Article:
The Grande Prairie region is rich in fossil resources. Most of the fossils found in this area come from the Wapiti Formation, a unit of rocks that was deposited between 80 and 69 million years ago, near the end of the Age of Dinosaurs.

These rocks are the same age as those found in some of the most famous fossil beds of Alberta, like Dinosaur Provincial Park; however, in some cases they contain different animals than those found to the south.

To find out more about the dinosaurs and other animals from the region, click on their images below.

Ceratopsians

Small Theropods

Hadrosaurs

Tyrannosaurs

Ankylosaurs

Ornithomimids

Pachycephalosaurs

Plesiosaurs

Mosasaurs

Pterosaurs


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Ceratopsians

Ceratopsians include some famous horned dinosaurs such as Triceratops and Styracosaurus. In the Peace Region, at least two species of Pachyrhinosaurus have been discovered. Their bones are found in enormous numbers at several sites known as bonebeds.


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Small Theropods

Small theropods include a host of small meat-eating dinosaurs. In the Peace Region, Troodon, a big-brained, sharp-clawed predator, was the most common. Other species include Dromaeosaurus and Saurornitholestes, a 2.5m long relative of Velociraptor.


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Hadrosaurs

Hadrosaurs were the most common dinosaurs in Grande Prairie. Some skeletons of Edmontosaurus have been found with the scaly skin fossilized. Sometimes called ‘duck-billed dinosaurs’, these herbivores lived in herds for protection against predators. Great numbers of these animals are found in the region.


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Tyrannosaurs

Tyrannosaurs include a number of large carnivorous dinosaurs such as Tyrannosaurus and Albertosaurus. Palaeontologists have not yet identified the species of tyrannosaur from the Peace area. Broken tyrannosaur teeth are commonly found near the skeletons of hadrosaurs that they often feasted on.


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Ankylosaurs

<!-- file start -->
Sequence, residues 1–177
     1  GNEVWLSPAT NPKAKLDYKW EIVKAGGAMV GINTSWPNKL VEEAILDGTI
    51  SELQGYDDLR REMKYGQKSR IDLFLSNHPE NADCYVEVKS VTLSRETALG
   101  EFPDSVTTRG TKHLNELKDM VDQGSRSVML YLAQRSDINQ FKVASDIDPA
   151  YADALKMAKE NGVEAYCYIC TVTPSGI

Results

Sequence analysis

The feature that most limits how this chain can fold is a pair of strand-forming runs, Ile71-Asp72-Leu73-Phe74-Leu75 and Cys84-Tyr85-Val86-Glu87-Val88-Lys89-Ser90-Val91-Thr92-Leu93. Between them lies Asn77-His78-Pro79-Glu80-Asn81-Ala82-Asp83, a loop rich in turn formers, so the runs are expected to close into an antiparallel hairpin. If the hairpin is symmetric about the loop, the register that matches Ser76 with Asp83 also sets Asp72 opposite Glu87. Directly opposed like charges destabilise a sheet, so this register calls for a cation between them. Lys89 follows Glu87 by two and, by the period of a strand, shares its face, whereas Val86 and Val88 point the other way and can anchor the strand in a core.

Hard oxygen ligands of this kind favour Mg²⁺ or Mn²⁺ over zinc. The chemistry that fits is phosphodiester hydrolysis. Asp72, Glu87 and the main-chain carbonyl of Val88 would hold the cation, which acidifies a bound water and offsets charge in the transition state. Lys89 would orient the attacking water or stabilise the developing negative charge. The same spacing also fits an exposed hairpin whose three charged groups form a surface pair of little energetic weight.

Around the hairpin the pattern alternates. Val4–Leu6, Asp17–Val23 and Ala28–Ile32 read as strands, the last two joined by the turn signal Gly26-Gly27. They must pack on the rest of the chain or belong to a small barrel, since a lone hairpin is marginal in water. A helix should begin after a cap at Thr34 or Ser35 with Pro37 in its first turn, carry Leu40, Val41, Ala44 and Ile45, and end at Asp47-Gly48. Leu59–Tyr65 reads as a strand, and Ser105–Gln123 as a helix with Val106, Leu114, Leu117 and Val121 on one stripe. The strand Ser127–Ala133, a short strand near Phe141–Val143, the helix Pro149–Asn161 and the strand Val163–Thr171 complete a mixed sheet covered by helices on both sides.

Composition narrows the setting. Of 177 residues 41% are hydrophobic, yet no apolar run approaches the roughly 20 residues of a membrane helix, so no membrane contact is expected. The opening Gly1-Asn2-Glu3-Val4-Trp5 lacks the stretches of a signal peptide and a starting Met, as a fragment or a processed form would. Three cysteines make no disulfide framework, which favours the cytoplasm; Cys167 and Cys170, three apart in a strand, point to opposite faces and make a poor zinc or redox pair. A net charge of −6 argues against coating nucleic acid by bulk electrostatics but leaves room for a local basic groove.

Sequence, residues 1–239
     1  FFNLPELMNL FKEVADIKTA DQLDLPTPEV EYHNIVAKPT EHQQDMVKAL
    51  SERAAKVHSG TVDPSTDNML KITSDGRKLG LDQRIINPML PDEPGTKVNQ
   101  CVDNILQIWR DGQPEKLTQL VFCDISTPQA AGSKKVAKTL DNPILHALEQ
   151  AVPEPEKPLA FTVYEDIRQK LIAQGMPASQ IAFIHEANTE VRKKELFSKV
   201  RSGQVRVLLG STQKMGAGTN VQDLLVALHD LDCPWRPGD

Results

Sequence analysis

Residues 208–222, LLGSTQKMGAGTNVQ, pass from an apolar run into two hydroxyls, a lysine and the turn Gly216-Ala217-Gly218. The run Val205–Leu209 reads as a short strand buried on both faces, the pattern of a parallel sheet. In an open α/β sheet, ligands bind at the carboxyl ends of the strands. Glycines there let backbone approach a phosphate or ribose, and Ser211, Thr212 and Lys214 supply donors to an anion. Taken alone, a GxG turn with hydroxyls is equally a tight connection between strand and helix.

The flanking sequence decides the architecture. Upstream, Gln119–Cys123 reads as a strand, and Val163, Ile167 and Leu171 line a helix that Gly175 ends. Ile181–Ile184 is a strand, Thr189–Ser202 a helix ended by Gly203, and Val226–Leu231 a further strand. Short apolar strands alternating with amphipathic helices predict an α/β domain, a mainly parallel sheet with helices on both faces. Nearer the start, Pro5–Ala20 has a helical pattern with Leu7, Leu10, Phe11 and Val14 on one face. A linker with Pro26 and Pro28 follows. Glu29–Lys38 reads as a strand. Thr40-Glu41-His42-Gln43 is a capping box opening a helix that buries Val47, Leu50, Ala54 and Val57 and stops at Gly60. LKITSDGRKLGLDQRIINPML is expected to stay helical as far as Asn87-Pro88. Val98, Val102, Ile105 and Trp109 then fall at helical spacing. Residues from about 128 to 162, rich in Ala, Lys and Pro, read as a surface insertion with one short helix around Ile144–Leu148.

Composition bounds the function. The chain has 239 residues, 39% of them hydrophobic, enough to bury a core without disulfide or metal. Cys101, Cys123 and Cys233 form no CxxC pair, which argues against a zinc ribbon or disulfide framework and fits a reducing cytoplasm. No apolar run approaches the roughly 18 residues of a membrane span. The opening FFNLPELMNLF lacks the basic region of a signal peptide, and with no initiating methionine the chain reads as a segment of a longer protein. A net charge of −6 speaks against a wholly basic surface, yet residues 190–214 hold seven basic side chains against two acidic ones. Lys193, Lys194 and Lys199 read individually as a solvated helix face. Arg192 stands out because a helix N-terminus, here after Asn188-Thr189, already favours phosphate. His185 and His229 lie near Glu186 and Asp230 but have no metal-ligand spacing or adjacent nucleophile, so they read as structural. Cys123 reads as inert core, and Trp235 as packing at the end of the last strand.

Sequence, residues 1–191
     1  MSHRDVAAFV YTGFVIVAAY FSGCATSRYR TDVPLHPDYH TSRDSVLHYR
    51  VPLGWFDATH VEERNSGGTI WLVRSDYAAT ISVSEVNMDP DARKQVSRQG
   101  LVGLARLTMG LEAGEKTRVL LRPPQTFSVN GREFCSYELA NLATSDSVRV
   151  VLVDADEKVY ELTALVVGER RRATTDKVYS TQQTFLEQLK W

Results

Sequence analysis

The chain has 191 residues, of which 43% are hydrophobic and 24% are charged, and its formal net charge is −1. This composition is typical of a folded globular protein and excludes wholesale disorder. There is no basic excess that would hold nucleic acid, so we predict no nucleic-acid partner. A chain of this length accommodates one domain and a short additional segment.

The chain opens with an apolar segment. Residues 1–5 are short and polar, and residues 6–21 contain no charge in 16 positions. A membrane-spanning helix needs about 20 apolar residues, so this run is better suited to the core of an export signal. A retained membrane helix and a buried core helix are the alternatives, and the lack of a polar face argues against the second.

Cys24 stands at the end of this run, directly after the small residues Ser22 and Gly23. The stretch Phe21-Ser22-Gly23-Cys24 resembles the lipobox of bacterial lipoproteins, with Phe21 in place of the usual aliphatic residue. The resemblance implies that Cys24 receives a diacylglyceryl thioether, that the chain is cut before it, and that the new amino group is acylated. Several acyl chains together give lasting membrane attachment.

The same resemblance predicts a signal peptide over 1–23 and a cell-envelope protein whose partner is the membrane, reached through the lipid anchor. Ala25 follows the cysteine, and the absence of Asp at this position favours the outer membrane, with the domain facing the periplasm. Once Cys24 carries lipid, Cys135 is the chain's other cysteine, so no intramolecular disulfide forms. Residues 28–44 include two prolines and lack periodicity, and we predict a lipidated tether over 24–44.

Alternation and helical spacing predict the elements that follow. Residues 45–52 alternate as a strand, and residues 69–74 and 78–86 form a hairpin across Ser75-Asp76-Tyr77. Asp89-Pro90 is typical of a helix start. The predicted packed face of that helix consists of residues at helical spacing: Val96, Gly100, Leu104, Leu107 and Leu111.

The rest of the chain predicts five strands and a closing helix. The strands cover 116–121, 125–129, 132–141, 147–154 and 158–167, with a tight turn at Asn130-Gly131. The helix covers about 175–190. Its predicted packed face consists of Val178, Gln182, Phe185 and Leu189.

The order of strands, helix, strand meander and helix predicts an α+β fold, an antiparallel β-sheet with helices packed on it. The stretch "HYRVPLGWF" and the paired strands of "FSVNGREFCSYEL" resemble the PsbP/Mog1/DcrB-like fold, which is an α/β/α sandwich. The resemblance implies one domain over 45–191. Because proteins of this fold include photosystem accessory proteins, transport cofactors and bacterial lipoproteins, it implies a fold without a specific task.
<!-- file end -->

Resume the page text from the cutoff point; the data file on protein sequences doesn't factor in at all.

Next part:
Anklyosaurs are a group of heavily armoured dinosaur, with species like Ankylosaurus, Euoplocephalus, and Edmontonia being found in other parts of Alberta. They had bony plates called osteoderms covering their bodies, some of which grew into large spikes or clubs. We know that ankylosaurs were in the Peace Region based on the bony armour plates that have been found here, but we don’t know yet exactly what species may have lived here.


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Ornithomimids

Fast-running, ‘ostrich-mimic’ dinosaurs called ornithomimids were present in the Peace Region, as seen from fossil bones and footprints. They were rare animals and not a lot of fossils have been found in the area.


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Pachycephalosaurs

Pachycephalosaurs are a type of plant eating dinosaur that have thick domed skulls. Palaeontologists have found a tooth showing they were in the area, although it is not known what species was present. The hard head of the animal is the most commonly found bone, as it is so durable it usually outlasts everything else!


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Plesiosaurs

Plesiosaurs were not dinosaurs but aquatic predators more closely related to lizards. Plesiosaurs swam in the seas that once covered much of western Canada. Their long necks and toothed jaws made them excellent hunters of smaller prey such as fish and shellfish.


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Mosasaurs

Mosasaurs are a group of large, marine predators that roamed the open seas during the Late Cretaceous. These enormous reptiles grew up to 15 m long and thrived in oceans on every corner of the globe. Their enormous jaws and sharp teeth made them the oceans’ top killers. Teeth and bones of these animals are found in rocks of the Peace Region north of Grande Priaire and have been dated to about 80 million years ago.


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Pterosaurs

Although commonly mistaken for dinosaurs, pterosaurs are a distinct group of extinct animals. Pterosaurs are the first vertebrate (animal with a backbone) to evolve powered flight, taking to the air before either birds or bats. A footprint from near Grande Prairie is the first of its kind in Canada. Its wingspan may have reached 7m – the size of a small plane!

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